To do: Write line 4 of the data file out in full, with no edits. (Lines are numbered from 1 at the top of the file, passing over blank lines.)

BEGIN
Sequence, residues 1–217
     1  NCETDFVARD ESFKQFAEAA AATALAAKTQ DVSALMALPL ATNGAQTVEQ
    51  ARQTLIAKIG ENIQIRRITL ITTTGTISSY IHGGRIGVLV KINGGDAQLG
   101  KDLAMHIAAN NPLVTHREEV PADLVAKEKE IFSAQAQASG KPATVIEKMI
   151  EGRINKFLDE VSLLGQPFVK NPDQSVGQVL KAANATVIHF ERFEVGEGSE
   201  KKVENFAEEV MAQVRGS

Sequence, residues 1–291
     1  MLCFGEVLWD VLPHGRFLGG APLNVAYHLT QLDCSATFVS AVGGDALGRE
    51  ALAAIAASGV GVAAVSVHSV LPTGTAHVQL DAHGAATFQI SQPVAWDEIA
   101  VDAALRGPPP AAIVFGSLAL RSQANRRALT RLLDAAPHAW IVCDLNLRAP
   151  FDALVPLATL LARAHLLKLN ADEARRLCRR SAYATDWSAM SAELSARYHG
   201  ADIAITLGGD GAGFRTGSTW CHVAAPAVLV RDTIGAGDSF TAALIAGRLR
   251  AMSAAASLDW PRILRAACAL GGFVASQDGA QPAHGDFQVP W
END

   101  KDLAMHIAAN NPLVTHREEV PADLVAKEKE IFSAQAQASG KPATVIEKMI